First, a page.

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Panel 305 - Failure to Thrive: Why Canada Struggles to Grow World Leading Tech Companies

Conference Day: 
Day 2 - November 8th 2018
Takeaways and recommendations: 

Failure to Thrive: Why Canada struggles to grow world-leading companies

Organized by:  Weronika Zych, Council of Canadian Academies

Speakers: Lisa Crossley, CEO, Reliq Health Technologies Inc.; Judy Fairburn, Board Director, Public Policy Forum and Sustainable Development Technology Canada; Victoria Lennox, Co-Founder and CEO, Start-Up Canada; Pierre Lortie, Senior Business Advisor, Dentons LLP; Iain Stewart, President, National Research Council

Moderator: Eric M. Meslin, President and CEO, Council of Canadian Academies

Takeaways and recommendations

  • Innovation policy, government programs and risk capital all play different and conflicting roles in the current environment. Canada has exemplars of scaled up companies but we must shift the pre-dominant focus on small companies to those that can scale and compete in a global marketplace.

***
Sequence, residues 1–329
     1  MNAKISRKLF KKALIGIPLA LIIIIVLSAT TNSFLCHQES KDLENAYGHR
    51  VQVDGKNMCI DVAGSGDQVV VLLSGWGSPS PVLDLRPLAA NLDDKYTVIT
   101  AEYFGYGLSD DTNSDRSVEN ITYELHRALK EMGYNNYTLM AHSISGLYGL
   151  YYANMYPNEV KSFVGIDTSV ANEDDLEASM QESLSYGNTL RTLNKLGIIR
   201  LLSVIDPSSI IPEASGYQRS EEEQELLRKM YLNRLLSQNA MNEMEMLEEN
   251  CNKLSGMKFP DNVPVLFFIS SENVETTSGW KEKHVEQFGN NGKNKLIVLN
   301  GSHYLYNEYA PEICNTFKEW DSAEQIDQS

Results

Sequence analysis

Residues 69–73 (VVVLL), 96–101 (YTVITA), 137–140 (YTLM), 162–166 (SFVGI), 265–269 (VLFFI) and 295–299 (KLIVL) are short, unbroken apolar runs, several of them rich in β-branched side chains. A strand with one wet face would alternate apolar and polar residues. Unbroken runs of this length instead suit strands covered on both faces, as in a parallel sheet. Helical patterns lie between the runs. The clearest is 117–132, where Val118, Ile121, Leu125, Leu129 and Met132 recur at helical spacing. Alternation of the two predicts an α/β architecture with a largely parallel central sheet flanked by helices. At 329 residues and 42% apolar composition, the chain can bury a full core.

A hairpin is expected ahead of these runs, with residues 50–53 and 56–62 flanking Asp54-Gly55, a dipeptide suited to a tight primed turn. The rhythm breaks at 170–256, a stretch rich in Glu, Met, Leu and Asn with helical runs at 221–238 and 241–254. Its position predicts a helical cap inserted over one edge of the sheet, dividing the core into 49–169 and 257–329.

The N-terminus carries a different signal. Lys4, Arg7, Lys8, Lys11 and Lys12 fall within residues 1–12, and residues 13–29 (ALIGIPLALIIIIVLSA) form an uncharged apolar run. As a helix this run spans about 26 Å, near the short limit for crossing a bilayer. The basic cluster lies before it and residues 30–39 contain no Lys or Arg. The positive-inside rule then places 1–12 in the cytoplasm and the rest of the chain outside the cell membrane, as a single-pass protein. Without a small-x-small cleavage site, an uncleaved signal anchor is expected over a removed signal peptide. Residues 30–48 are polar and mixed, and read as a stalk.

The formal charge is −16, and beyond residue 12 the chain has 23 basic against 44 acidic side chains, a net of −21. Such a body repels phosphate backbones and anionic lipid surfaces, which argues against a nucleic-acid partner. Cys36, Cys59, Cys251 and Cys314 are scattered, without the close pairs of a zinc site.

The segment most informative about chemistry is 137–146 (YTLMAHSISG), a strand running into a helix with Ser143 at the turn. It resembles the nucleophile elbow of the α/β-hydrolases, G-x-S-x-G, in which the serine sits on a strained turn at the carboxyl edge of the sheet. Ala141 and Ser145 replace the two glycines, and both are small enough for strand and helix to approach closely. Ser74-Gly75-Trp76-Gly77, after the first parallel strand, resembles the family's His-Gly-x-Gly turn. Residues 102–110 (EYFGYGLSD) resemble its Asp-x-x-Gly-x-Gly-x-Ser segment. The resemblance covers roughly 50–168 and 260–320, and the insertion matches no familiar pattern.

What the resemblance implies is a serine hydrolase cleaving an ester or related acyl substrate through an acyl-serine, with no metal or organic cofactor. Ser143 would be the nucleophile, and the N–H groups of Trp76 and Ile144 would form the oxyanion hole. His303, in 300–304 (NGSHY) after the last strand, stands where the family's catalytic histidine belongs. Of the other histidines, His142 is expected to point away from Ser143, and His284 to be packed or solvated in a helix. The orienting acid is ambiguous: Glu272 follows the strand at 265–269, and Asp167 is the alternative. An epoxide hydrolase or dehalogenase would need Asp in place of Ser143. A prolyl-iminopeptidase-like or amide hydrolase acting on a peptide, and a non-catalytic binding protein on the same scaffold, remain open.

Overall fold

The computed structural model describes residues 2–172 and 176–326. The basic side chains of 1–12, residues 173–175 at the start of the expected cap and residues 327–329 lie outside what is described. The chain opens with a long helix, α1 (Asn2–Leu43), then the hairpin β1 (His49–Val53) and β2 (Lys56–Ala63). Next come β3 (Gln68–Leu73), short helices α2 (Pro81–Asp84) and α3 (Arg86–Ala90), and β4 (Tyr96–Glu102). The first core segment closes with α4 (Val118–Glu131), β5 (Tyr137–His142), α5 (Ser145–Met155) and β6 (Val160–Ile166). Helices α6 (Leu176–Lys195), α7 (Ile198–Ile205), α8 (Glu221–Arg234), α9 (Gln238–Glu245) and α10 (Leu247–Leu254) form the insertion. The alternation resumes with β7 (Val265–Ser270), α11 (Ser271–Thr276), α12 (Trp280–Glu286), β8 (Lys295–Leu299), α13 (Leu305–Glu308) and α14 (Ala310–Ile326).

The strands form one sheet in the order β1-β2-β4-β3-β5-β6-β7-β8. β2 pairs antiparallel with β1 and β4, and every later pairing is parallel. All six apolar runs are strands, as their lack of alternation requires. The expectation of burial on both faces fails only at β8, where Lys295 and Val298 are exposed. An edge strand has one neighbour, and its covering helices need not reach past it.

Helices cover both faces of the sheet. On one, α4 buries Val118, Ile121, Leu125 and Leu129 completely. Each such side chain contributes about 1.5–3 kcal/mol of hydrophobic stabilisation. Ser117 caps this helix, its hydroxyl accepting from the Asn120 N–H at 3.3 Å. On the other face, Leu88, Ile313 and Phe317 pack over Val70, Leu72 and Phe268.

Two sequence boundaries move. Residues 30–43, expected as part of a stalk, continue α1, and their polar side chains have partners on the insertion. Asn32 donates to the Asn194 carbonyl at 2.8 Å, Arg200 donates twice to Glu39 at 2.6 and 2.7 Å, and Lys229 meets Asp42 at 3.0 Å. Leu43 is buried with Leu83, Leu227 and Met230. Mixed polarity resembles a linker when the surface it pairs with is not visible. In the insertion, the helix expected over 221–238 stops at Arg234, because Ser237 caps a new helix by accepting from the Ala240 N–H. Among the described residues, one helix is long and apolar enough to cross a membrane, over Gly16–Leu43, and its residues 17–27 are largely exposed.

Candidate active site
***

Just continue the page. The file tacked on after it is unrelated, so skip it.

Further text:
Recognize the importance of scale and networks

  • Start-ups challenged by Canada’s small domestic market need to plan to go global from day one to overcome reliance on the U.S. market.

  • The knowledge economy is driven by the economics of networks, in contrast to the “old economy” which is driven by economies of scale.

  • Canadian policymakers have a misguided view of job creation, focusing on small firms instead of on companies that can scale.

  • Technology adoption centres and tax exemption centres can help bridge the gap between entrepreneurs and multinationals.

  • Progress is being made to reduce the disconnect between entrepreneurs and government.

Identify the issues holding back business innovation

  • Barriers to scaling companies include a lack of managerial talent, access to capital, pressure for short-term exits and procurement policies that don’t emphasize value-add.

  • Not enough venture capital goes to companies seeking to scale.

  • Canada has lost many of its global companies in recent years, dropping from approximately 15 to as few as five.

  • Time matters. Uncertainty and delays often result in business failure.

  • Risk culture is essential. We need to foster a can-do attitude; make it part of the Canadian DNA.

Take advantage of opportunities

  • Disruption creates opportunity and Canada has recognized this with recent investments in artificial intelligence (AI) and quantum computing.

  • Scale the AI Supercluster to succeed in the competition for talent, augmented by boosting the post-secondary training of AI talent.

  • Increase investment in Canadian ICT (information and communications technology) to lessen the gap relative to the U.S.

Documents: